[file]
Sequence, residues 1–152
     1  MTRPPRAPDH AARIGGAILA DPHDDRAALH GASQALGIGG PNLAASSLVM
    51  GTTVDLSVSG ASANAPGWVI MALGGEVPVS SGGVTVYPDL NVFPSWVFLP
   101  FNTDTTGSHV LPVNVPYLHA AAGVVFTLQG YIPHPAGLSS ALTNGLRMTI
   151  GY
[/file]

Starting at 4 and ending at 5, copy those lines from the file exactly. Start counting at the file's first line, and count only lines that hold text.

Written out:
   101  FNTDTTGSHV LPVNVPYLHA AAGVVFTLQG YIPHPAGLSS ALTNGLRMTI
   151  GY